The Great Turning[edit]

Korten's 2006 book The Great Turning: From Empire to Earth Community argues that the development of empires about 5,000 years ago, initiated unequal distribution of power and social benefits to the small portion of the population they controlled. He also argues that corporations are modern versions of empire, both being social organizations based on hierarchies, chauvinism, and domination through violence.

The rise of powerful, advanced technology combined with the control of corporate- as well as nation-based empires is described as becoming increasingly destructive to communities and the environment. Korten postulates that the world is on the verge of a perfect storm of converging crises, including anthropogenic adverse climate change, post-peak oil production decline, and a financial crisis caused by an unbalanced global economy. This will precipitate major changes to the current economic and social structure.

Korten believes that these crises will present an opportunity for significant changes that could replace the paradigm of "Empire" with one of "Earth Community". Although recognizing the potential that the opportunity may not be seized, Korten hopes that this opportunity will result in the emergence of an "Earth Community", based on sustainable, just, and caring communities that incorporate the values of mutual responsibility and accountability, and he advocates toward that.


Author John Michael Greer has critiqued the book in another direction,[4][5][6] noting that "[i]n place of the sloppy and richly human realities of politics and culture in the world we actually inhabit, The Great Turning offers up a one-dimensional morality play in which Empire and Earth Community are the only options, and the choice between them is a choice between absolute evil leading to planetary suicide, on the one hand, and radiant goodness leading straight on to utopia on the other. Third options and moral ambiguity apparently do not exist in Korten’s cosmos." Greer writes that, "[i]n Korten’s view, what makes the tactics of today’s neoconservatives wrong is not that these tactics are morally despicable in themselves; they’re bad solely because the neoconservatives are using them on behalf of Empire, and they become good when proponents of Earth Community take up the same tactics and use them instead." Greer concludes that, "[w]hat it means is that the constructive resources politics might provide to the difficult future ahead are precisely those foreclosed by Korten’s apocalyptic politics, with its demonization of his opponents and its insistence on the unique rightness of his own political stance."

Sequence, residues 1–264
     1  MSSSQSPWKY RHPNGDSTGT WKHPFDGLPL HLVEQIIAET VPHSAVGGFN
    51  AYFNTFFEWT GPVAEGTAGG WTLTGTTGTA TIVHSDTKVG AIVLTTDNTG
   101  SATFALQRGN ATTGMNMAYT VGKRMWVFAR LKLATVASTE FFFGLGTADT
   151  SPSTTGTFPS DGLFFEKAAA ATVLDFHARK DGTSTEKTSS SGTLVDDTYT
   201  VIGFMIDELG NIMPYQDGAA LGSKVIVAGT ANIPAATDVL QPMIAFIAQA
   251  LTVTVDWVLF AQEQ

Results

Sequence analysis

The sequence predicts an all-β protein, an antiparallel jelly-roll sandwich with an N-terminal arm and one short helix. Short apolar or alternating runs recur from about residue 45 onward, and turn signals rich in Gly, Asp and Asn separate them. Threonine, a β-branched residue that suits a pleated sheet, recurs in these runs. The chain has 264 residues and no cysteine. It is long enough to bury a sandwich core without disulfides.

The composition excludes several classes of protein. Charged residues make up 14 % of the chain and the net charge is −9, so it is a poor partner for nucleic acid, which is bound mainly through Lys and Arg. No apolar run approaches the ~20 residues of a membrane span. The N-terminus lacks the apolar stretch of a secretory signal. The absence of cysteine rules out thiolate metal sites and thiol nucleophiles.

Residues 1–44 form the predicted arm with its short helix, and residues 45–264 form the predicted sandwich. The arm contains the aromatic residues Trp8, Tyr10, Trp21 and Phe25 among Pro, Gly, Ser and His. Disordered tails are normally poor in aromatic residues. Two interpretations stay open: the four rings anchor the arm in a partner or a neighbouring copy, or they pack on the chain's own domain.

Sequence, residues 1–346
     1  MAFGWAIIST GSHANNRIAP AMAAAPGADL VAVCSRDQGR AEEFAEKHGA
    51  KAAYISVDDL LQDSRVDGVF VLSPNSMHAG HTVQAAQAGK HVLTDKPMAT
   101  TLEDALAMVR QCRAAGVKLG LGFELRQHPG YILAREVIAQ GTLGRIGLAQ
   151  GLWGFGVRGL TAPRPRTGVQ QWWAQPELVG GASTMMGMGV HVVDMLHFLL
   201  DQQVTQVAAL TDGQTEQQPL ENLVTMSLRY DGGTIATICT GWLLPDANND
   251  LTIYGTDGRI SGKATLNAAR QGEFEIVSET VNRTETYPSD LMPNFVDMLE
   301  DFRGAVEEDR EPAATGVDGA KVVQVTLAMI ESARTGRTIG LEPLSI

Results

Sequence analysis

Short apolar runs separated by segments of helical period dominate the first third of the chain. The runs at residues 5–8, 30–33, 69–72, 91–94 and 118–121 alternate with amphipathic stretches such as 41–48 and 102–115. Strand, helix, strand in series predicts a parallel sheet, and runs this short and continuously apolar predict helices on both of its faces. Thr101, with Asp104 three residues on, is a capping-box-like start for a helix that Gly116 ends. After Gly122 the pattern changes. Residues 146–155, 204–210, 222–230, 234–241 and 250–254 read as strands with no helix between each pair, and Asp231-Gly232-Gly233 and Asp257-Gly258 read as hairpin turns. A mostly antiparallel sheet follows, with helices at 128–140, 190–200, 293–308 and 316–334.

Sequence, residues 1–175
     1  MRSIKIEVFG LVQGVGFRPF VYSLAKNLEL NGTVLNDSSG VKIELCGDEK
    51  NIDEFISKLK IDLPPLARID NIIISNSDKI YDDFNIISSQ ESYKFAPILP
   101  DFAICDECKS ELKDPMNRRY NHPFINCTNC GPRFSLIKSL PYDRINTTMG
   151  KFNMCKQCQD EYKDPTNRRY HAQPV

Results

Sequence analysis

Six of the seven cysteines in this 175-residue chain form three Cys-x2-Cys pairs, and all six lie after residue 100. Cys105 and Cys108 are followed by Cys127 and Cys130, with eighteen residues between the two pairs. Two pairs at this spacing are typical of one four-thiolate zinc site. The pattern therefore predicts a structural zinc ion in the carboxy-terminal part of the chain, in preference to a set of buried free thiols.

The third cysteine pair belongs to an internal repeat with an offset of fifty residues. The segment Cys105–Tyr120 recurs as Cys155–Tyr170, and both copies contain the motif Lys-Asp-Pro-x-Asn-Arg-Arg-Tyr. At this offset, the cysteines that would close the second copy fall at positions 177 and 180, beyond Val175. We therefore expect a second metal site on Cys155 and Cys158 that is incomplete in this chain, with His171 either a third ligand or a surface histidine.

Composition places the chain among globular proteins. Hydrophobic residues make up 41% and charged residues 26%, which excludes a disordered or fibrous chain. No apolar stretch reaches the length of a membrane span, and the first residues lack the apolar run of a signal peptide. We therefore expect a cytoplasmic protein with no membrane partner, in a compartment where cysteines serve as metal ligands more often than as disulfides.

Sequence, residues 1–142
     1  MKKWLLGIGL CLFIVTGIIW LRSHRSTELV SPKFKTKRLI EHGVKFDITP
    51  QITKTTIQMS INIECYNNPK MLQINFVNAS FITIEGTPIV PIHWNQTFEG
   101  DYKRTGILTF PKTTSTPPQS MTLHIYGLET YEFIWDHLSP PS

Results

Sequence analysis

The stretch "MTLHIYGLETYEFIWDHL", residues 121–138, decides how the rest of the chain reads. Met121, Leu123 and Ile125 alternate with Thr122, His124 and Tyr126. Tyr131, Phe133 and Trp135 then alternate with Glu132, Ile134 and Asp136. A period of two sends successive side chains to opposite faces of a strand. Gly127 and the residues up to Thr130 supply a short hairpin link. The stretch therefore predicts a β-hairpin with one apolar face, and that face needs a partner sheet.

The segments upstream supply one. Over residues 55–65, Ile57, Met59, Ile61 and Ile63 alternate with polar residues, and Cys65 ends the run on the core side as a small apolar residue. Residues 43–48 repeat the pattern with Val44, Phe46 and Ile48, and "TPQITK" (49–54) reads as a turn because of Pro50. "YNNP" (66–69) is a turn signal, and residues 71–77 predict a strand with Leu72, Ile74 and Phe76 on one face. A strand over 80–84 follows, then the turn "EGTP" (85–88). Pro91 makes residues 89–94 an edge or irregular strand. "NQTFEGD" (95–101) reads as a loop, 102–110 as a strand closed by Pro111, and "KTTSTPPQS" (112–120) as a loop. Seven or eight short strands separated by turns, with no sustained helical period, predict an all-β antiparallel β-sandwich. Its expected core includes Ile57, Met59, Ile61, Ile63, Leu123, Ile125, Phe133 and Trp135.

• Planned Change in a Traditional Society: Psychological Problems of Modernization in Ethiopia, 1972, Praeger Publishers
  • People-Centered Development: Contributions Toward Theory and Planning Frameworks, with Rudi Klauss, 1984, Kumarian Press
  • Bureaucracy and the Poor: Closing the Gap, with Felipe B. Alfonso, 1985, Kumarian Press
  • Community Management: Asian Experience and Perspectives, 1986, Kumarian Press
  • Getting to the 21st Century: Voluntary Action and the Global Agenda, 1990, Kumarian Press
  • The Post Corporate World: Life After Capitalism, 2000, Berrett-Koehler Publishers
  • When Corporations Rule the World, 2001 (Second Edition), 1995 (First Edition), Berrett-Koehler Publishers
  • Alternatives to Economic Globalization: A Better World is Possible, 2004 (Second Edition)
  • The Great Turning: From Empire to Earth Community, 2007 (Second Edition), Berrett-Koehler Publishers, 2006 (First Edition), Kumarian Press, Bloomfield
  • Agenda for a New Economy: From Phantom Wealth to Real Wealth – A Declaration of Independence from Wall Street, 2010 (Second Edition), 2009 (First Edition), Berrett-Koehler Publishers
  • Globalizing Civil Society, 2010, ReadHowYouWant

See also[edit]


External links[edit]